Volume 6 Supplement 2

Selected articles from the Second Annual Translational Bioinformatics Conference (TBC 2012)

Open Access

BioBin: a bioinformatics tool for automating the binning of rare variants using publicly available biological knowledge

  • Carrie B Moore1, 2,
  • John R Wallace2,
  • Alex T Frase2,
  • Sarah A Pendergrass2 and
  • Marylyn D Ritchie2Email author
BMC Medical Genomics20136(Suppl 2):S6

DOI: 10.1186/1755-8794-6-S2-S6

Published: 7 May 2013



With the recent decreasing cost of genome sequence data, there has been increasing interest in rare variants and methods to detect their association to disease. We developed BioBin, a flexible collapsing method inspired by biological knowledge that can be used to automate the binning of low frequency variants for association testing. We also built the Library of Knowledge Integration (LOKI), a repository of data assembled from public databases, which contains resources such as: dbSNP and gene Entrez database information from the National Center for Biotechnology (NCBI), pathway information from Gene Ontology (GO), Protein families database (Pfam), Kyoto Encyclopedia of Genes and Genomes (KEGG), Reactome, NetPath - signal transduction pathways, Open Regulatory Annotation Database (ORegAnno), Biological General Repository for Interaction Datasets (BioGrid), Pharmacogenomics Knowledge Base (PharmGKB), Molecular INTeraction database (MINT), and evolutionary conserved regions (ECRs) from UCSC Genome Browser. The novelty of BioBin is access to comprehensive knowledge-guided multi-level binning. For example, bin boundaries can be formed using genomic locations from: functional regions, evolutionary conserved regions, genes, and/or pathways.


We tested BioBin using simulated data and 1000 Genomes Project low coverage data to test our method with simulated causative variants and a pairwise comparison of rare variant (MAF < 0.03) burden differences between Yoruba individuals (YRI) and individuals of European descent (CEU). Lastly, we analyzed the NHLBI GO Exome Sequencing Project Kabuki dataset, a congenital disorder affecting multiple organs and often intellectual disability, contrasted with Complete Genomics data as controls.


The results from our simulation studies indicate type I error rate is controlled, however, power falls quickly for small sample sizes using variants with modest effect sizes. Using BioBin, we were able to find simulated variants in genes with less than 20 loci, but found the sensitivity to be much less in large bins. We also highlighted the scale of population stratification between two 1000 Genomes Project data, CEU and YRI populations. Lastly, we were able to apply BioBin to natural biological data from dbGaP and identify an interesting candidate gene for further study.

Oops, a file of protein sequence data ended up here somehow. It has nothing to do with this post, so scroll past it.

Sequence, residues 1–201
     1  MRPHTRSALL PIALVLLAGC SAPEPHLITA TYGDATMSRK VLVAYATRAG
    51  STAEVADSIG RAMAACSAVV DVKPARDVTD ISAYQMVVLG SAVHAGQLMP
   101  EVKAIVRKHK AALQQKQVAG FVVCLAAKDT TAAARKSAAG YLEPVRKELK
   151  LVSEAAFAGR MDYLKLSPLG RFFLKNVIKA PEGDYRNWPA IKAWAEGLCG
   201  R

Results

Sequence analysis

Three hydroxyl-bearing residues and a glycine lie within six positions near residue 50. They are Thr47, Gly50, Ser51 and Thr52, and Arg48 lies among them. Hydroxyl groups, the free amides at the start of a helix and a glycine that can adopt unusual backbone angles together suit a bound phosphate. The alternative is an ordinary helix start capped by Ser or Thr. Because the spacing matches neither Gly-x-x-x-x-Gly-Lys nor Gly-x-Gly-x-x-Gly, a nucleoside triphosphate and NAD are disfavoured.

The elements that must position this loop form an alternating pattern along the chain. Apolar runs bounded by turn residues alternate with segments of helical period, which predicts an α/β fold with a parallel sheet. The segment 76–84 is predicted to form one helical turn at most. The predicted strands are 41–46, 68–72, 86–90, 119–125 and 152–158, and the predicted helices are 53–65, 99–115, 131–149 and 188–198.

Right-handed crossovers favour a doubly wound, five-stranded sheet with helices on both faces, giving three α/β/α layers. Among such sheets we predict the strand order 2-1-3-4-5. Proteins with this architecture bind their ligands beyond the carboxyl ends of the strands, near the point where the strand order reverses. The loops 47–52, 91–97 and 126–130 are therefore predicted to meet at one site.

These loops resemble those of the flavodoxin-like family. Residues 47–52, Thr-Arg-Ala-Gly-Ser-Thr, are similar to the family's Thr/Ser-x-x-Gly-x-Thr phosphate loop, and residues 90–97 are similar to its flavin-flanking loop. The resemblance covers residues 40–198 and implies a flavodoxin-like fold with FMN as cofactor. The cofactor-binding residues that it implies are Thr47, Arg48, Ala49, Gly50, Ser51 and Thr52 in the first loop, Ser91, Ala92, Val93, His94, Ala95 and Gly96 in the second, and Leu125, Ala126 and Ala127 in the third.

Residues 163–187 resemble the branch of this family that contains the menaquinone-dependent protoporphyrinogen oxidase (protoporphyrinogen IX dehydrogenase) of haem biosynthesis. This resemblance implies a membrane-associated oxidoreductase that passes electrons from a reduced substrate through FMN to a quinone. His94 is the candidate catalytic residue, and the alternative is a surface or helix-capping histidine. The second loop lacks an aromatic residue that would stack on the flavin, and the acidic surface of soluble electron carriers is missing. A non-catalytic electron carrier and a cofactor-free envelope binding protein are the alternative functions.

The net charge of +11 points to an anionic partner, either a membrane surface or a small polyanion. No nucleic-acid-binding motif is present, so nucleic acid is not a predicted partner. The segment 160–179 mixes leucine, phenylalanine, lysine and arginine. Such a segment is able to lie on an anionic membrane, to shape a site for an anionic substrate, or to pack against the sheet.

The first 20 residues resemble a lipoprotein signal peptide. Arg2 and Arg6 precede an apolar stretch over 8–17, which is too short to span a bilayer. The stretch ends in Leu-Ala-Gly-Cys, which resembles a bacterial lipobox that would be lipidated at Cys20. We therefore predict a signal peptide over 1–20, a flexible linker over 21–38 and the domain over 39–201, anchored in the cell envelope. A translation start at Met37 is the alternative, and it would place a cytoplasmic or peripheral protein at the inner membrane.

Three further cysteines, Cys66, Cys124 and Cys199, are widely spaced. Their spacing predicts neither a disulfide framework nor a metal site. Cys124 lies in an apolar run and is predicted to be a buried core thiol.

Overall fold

We have established that BioBin will be a very practical and flexible tool to analyze sequence data and potentially uncover novel associations between low frequency variants and complex disease.


The era of successful Genome Wide Association Studies (GWAS) has contributed to over 1,596 published disease variant associations for over 249 traits (http://www.genome.gov/gwastudies/, accessed July 2012) Published GWAS results have increased the fields' understanding of heritable traits, highlighted novel disease associations that were critical for further biochemical and pharmaceutical development, and advanced the perception and understanding of genetic association and complexity of common diseases [1, 2]. However, large proportions of variance in common complex diseases remain to be explained [3]. In the last few years, sequence technology has emerged as an successful approach to gain insight into other genetic components contributing to disease, including: low frequency or rare variants, mRNA transcript levels, etc.

In an effort to explain the additional heritability of complex traits, many researchers are investigating the effects of rare variants. The possible effects and complex heritatibility of rare variants are largely unknown; however, it is commonly believed that rare variants have bigger effect sizes (compared to common variants identified in GWAS) and can act alone, together with other rare variants, or jointly with common variants [2]. There is increasing evidence in published literature to support the hypothesis that rare variants contribute to the heritiability of common, complex disease. Recently, rare variants with moderate effect sizes have been associated with obesity, autism, schizophrenia, hypertriglyceridemia, hearing loss, complex I deficiency, age-related macular degeneration, kabuki syndrome, and type-1 diabetes [39]. The analysis of rare variants does not follow GWAS protocols. The sparseness of rare variants requires massive sample sizes for single-variant association tests. Combining rare variants together substantially reduces the sample size needed to find an association signal and also accounts for genetic heterogeneity.